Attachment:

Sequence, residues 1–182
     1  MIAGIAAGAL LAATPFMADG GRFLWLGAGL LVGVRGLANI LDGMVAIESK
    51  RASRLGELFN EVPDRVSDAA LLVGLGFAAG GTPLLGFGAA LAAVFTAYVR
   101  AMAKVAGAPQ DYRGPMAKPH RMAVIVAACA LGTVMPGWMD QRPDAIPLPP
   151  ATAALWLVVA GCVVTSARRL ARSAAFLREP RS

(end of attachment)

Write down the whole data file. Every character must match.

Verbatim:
Sequence, residues 1–182
     1  MIAGIAAGAL LAATPFMADG GRFLWLGAGL LVGVRGLANI LDGMVAIESK
    51  RASRLGELFN EVPDRVSDAA LLVGLGFAAG GTPLLGFGAA LAAVFTAYVR
   101  AMAKVAGAPQ DYRGPMAKPH RMAVIVAACA LGTVMPGWMD QRPDAIPLPP
   151  ATAALWLVVA GCVVTSARRL ARSAAFLREP RS